On paper, as prime minister of a military government, Prayuth (Chan-o-cha) had as much dictatorial power and immunity under Section 44 of the interim constitution of 2014 as Sarit Thanarat had under Section 17 of the interim constitution of 1959, but he did not invoke Section 44 to execute anyone.
Sarit ordered the summary execution of five suspected arsonists, one suspected heroin producer, one suspected messianic leader and four suspected communists - eleven people in total, five of whom he adjudged guilty of political offences.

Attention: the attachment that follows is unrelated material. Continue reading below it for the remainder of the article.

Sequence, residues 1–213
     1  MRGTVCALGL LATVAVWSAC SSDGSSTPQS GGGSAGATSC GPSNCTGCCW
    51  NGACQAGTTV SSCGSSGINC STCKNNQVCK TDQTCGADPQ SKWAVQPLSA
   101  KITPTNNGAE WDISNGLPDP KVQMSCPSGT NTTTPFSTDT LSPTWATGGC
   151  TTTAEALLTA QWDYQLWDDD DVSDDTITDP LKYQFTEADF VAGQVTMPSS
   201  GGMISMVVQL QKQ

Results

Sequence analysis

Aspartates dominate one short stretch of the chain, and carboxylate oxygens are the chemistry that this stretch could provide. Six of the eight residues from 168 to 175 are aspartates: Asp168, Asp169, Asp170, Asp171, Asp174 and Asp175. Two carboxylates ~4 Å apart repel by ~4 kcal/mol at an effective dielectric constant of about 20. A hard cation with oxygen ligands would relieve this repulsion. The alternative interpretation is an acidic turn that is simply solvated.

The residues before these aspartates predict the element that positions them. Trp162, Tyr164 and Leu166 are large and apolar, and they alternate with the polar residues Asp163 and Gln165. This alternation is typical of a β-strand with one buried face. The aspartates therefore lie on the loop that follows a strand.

Under the preceding Phibun (Songkhram) regime, members of parliament were killed extra-judicially. In 1949 four pro-Pridi MPs from Isaan who had been arrested for alleged treason were assassinated by their police escort; in 1952 an anti-Phibun MP from Isaan was murdered in police custody; and in 1954 another MP was found murdered after he alleged the police chief was corrupt.
The post-coup government of 2006-07 and the military government since 2014 could not - and showed no signs of wanting to - deal with political opponents in the cavalier manner of Sarit or Phibun and their henchman.